Lidia Matticchio Bastianich is the author of five previous books, four of them accompanied by nationally syndicated public television series. She is the owner of the New York City restaurant Felidia (among others), and she lectures on and demonstrates Italian cooking throughout the country. She lives on Long Island, and can be reached at her Web site,

Tanya Bastianich Manuali, Lidia’s daughter, received her Ph.D. in Italian Renaissance art history from Oxford University. Since 1996 she has led food/wine/art tours of Italy. She lives with her husband and children on Long Island.

Read an Excerpt

Frittata with Asparagus and Scallions




1 pound fresh, thin asparagus spears


4 ounces prosciutto or bacon, thick slices with ample fat (about 4 slices)


1/2 pound scallions


3 tablespoons extra-virgin olive oil


1/2 teaspoon coarse sea salt or kosher salt, or more to taste


8 large eggs


Freshly ground black pepper to taste


Recommended Equipment:


A sturdy 12-inch nonstick skillet with a cover


A heat-proof rubber spatula


Serves 4 as a light meal or 6 as an appetizer


This is a different sort of frittata, not the neat golden round of well-set eggs that's probably most familiar. Here the eggs are in the skillet for barely a minute, just long enough to gather in soft, loose folds, filled with morsels of asparagus and shreds of prosciutto. In fact, when I make this frittata or the "dragged" eggsuova strapazzate, page 143I leave my eggs still wet and glistening so I can mop up the plate with a crust of country bread. That's the best part of all.


Snap off the tough bottom stubs of the asparagus, peel the bottom few inches of each spear, and cut them crosswise in 1 1/2-inch pieces. Slice prosciutto or bacon into strips, or lardoons, about 1 inch long and 1/3 inch wide. Trim the scallions, and cut crosswise into 1-inch pieces.


Pour the olive oil into the skillet, scatter in the lardoons, and set over medium heat. When the strips are sizzling and rendering fat, toss in the cut asparagus, and roll and toss them over a few times. Cover the skillet, and cook, still over moderate heat, shaking the pan occasionally, until the asparagus is slightly softened, 5 minutes or so.


Scatter the scallion pieces in the pan, season with a couple pinches of salt, and toss the vegetables and lardoons together. Cover the skillet, and cook, shaking the pan and stirring occasionally, until the scallions and asparagus are soft and moist, 7 or 8 minutes more. Meanwhile, beat the eggs thoroughly with the remaining salt and generous grinds of black pepper.


When the vegetables are steaming in their moisture, uncover the skillet, raise the heat, and cook, tossing, for a minute or so, until the water has evaporated and the asparagus and scallions seem about to color.


Quickly spread them out in the pan, and pour the eggs over at once. Immediately begin folding the eggs over with the spatula, clearing the sides and skillet bottom continuously, so the eggs flow and coagulate around the vegetables and lardoons.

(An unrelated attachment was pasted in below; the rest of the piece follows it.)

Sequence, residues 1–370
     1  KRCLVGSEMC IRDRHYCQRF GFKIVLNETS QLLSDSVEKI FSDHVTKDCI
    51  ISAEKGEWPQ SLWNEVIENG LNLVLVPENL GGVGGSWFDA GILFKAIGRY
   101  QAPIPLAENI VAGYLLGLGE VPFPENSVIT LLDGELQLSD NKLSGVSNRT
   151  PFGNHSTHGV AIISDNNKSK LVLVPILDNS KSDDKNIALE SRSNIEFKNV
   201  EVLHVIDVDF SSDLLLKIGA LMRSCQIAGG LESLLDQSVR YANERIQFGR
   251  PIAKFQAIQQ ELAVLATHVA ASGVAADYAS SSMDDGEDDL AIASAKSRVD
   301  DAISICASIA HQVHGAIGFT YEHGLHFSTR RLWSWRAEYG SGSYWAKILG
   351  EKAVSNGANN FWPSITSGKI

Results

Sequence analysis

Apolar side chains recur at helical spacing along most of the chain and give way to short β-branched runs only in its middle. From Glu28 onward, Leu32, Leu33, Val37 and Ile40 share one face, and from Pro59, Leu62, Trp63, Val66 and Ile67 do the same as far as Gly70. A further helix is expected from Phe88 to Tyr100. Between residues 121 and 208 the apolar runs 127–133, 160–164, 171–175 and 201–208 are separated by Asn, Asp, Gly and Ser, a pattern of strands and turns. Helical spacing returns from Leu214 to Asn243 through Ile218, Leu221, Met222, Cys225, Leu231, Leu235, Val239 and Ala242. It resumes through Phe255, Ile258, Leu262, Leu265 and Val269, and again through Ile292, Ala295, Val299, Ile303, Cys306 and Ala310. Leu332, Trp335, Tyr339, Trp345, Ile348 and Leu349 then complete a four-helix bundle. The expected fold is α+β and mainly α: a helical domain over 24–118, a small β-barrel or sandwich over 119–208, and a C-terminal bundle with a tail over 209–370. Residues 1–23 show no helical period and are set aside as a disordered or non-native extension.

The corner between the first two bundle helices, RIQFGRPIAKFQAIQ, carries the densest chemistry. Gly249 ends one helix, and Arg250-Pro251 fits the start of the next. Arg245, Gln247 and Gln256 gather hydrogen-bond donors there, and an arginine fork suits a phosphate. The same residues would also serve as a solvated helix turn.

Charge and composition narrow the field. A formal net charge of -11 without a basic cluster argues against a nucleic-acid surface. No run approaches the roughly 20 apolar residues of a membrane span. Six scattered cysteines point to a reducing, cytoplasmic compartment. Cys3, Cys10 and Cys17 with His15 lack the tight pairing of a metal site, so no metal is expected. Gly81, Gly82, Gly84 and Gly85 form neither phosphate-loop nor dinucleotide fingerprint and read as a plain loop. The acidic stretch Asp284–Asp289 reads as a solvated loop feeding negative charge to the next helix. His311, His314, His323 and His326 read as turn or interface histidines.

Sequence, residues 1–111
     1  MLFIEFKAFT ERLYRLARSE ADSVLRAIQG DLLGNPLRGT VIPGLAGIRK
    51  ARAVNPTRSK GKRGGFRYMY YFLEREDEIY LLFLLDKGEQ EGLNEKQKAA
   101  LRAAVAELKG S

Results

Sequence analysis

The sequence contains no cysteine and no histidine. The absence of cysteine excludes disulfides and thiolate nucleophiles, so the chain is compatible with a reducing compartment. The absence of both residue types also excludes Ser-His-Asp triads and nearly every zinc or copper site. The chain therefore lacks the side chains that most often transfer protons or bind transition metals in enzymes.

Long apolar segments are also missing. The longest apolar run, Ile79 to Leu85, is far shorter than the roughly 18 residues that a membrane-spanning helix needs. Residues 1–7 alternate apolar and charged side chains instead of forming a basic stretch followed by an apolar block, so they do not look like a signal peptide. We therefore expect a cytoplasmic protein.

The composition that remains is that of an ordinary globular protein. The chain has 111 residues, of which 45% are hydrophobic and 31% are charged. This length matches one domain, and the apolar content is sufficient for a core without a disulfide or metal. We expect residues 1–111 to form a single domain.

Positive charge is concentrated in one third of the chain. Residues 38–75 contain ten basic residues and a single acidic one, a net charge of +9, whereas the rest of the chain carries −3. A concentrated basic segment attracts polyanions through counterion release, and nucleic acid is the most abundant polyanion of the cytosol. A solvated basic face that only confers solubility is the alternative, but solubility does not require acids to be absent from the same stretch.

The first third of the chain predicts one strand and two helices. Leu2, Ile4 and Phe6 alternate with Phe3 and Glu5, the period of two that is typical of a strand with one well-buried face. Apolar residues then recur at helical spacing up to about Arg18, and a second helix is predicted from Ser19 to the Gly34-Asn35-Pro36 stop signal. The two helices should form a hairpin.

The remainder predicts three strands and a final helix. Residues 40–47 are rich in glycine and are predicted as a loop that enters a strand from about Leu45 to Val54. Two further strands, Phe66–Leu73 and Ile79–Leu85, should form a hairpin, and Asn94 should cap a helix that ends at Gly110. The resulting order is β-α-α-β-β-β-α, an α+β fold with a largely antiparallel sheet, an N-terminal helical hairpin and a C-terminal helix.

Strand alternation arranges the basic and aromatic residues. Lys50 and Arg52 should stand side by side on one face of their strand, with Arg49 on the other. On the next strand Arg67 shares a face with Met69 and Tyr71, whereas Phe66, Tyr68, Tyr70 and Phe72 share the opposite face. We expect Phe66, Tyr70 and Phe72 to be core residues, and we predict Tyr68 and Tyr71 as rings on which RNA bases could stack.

When all the eggs are cooked in big soft curds—in barely a minute—take the skillet off the heat. Tumble the frittata over a few more times to keep it loose and moist. Spoon portions onto warm plates, and serve hot and steaming.


Dry Fettuccine with Squash and Cauliflower
Bavette con Zucca e Cavolo
Serves 6

1/2 cup extra-virgin olive oil
3 plump garlic cloves, crushed and peeled
1 small onion, thinly sliced (1 cup)
3 cups butternut squash cut in ½-inch cubes
3 cups cauliflower cut in small (about 1-inch) florets
4 tablespoons small capers, drained
1 teaspoon coarse sea salt or kosher salt, or to taste, plus more for cooking pasta
1/2 teaspoon peperoncino flakes, or to taste
2 cups canned Italian plum tomatoes, preferably San Marzano, crushed by hand
1 pound dry fettucine or bavette
1 cup freshly grated pecorino

Recommended Equipment
A heavy-bottomed skillet or sauté pan, 14-inch diameter, with a cover
A large pot, 8-quart capacity or larger, with a cover, for cooking the pasta

Dry Fettuccine with Squash and Cauliflower
Bavette con Zucca e Cavolo

   1. Pour the olive oil into the big skillet, and set over medium-high heat.

   2. Scatter in the sliced garlic, and let it start sizzling.

   3. Stir in the onion slices, and cook for a couple of minutes, to wilt.

   4. Spill in all the cut squash and cauliflower pieces, scatter the capers, salt, and peperoncino on top, and with tongs toss all together for a minute or so.

   5. Pour a cup of water into the skillet, cover tightly, and steam the vegetables for 2 to 3 minutes, shaking the pan occasionally.

   6. Pour in the crushed tomatoes along with a cup of water sloshed in the tomato cans. Stir well and cover; when the tomato juices are boiling, adjust the heat to keep them bubbling gently. Cook covered for about 10 minutes, stirring occasionally.

   7. When the vegetables are softened, uncover and continue cooking to reduce the pan juices to a good consistency for dressing the pasta, about 5 minutes. Adjust the seasoning to taste, and keep at a low simmer.

   8. While the sauce is cooking, heat salted pasta-cooking water to a rolling boil (at least 6 quarts water and a tablespoon salt).

   9. Drop in the fettuccine or bavette, and cook until barely al dente.

   10. Lift them from the water, drain for a moment, then drop into the simmering vegetables. Toss and cook all together for a couple of minutes over moderate heat. Moisten the dish with pasta water if it seems dry; cook rapidly to reduce the juices if they're splashing in the skillet.

   11. When the pasta is perfectly cooked and robed with sauce, turn off the heat. Sprinkle over it the grated cheese, toss into the pasta, and serve.